Deondre Johnson was convicted on two felony theft counts by a Tarrant County jury.
He faced up to two years in state jail for theft. He's expected to be tried later on seven counts of abuse of a corpse in the same case.
The Johnson Family Mortuary drew attention in June 2014 with the announcement of a planned reality TV show, about running a funeral home and dealing with death on a daily basis.
The business closed the following month due to nonpayment of rent. Investigators who later went through the mortuary found several bodies in advanced stages of decomposition, with some remains difficult to identify.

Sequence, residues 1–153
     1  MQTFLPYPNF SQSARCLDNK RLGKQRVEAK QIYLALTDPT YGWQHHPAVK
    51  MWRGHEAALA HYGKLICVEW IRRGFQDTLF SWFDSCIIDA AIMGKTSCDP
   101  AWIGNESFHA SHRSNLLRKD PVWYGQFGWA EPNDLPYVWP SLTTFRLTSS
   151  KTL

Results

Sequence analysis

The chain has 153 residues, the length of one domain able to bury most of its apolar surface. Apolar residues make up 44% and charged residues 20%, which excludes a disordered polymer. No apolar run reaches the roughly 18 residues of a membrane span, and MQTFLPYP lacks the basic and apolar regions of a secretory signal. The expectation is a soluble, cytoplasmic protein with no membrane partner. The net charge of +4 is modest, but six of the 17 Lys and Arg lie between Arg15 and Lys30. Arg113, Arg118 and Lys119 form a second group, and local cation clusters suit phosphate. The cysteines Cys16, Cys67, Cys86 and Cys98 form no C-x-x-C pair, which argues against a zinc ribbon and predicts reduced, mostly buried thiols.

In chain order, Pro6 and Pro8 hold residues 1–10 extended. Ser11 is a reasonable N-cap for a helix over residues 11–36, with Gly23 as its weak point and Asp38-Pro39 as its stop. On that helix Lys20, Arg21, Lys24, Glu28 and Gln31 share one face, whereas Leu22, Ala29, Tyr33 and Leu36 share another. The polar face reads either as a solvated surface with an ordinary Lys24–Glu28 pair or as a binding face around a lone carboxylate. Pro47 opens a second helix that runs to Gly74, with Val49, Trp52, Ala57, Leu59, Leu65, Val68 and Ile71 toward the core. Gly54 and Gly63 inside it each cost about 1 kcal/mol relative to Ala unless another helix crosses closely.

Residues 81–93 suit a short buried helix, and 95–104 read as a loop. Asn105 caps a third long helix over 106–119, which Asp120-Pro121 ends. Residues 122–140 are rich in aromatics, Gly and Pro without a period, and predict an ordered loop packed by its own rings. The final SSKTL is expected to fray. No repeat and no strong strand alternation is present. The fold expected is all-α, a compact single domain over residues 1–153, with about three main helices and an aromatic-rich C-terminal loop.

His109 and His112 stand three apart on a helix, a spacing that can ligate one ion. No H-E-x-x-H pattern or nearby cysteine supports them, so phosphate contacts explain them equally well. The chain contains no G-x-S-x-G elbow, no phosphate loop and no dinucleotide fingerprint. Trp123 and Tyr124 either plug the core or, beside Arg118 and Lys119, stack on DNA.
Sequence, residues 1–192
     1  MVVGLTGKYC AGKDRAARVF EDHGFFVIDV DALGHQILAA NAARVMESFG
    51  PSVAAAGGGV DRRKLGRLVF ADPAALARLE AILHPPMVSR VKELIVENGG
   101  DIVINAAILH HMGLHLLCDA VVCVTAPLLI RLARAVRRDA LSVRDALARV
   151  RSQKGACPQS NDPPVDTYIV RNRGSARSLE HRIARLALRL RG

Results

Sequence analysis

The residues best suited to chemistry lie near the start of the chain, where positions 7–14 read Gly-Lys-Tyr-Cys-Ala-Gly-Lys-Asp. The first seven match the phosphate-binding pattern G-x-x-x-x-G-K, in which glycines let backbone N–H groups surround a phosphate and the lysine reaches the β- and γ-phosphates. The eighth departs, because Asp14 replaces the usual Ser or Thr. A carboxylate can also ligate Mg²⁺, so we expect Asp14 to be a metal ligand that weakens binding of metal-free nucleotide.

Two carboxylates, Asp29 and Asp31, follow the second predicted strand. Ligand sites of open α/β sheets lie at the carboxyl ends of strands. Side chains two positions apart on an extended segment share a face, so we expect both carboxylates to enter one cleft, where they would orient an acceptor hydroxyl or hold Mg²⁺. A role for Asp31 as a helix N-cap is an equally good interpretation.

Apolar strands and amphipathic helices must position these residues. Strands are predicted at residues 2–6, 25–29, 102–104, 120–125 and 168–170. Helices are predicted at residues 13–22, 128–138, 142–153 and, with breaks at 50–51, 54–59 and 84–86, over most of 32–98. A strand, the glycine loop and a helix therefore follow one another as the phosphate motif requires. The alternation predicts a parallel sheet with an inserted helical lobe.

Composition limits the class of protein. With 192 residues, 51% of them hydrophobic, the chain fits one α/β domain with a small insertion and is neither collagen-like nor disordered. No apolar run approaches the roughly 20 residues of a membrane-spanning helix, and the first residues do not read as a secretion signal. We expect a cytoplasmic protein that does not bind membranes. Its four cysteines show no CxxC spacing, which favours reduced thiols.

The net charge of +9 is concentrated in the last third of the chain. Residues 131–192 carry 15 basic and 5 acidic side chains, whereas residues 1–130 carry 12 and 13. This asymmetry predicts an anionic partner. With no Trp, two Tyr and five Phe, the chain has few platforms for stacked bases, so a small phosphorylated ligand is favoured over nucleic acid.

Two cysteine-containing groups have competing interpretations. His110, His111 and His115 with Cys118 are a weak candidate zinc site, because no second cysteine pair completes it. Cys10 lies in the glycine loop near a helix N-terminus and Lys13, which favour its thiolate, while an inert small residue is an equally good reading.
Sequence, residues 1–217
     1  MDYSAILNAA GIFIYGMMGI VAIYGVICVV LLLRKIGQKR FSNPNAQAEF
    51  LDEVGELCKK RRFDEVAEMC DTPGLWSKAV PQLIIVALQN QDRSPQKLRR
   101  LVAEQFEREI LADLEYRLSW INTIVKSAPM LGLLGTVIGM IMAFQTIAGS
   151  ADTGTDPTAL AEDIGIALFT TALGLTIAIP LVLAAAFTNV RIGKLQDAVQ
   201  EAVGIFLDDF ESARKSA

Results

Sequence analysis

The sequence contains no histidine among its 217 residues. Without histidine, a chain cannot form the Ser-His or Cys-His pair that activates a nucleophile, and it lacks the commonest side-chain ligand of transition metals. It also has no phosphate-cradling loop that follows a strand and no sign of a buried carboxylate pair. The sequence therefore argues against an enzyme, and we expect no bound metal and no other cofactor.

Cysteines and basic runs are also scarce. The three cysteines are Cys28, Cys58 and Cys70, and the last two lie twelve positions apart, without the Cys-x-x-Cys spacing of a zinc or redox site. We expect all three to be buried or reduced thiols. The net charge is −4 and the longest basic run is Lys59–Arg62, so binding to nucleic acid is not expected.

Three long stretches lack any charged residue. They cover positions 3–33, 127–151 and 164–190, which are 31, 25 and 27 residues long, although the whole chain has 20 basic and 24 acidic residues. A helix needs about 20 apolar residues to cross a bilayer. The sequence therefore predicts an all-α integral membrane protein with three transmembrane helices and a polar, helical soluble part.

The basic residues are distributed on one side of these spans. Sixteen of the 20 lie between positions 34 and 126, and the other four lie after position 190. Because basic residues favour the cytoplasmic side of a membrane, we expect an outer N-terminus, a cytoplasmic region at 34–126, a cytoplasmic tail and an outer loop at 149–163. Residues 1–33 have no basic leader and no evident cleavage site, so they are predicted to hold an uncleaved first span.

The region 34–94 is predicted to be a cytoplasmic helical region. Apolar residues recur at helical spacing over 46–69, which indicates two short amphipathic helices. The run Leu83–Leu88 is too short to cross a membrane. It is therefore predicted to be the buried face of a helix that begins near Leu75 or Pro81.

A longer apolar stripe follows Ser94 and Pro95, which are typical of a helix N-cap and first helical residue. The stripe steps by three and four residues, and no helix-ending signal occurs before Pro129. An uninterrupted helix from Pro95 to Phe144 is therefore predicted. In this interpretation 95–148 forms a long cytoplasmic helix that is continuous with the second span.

Johnson accepted payment then failed to provide services such as cremation, according to prosecutors. Johnson was responsible for making sure that the correct ashes were delivered to relatives. Johnson lied to some customers and gave them the wrong sets of ashes, according to prosecutor Sid Mody.
"Mr. Johnson was playing a Ponzi scheme with human flesh," Mody said during closing arguments.
Johnson, who did not testify, left the running of the mortuary to his wife, co-owner Rachel Hardy-Johnson, according to his attorneys.
"Rachel ran the show," said defense attorney Alexander Kim. "She's the one who signs the leases. She's the one who pays the bills. It stops with her. It's a family run business. But she's the boss."
Hardy-Johnson pleaded guilty in January to felony food stamp fraud and was sentenced in June to two years in federal prison. She also awaits state trial on charges of theft and abuse of a corpse.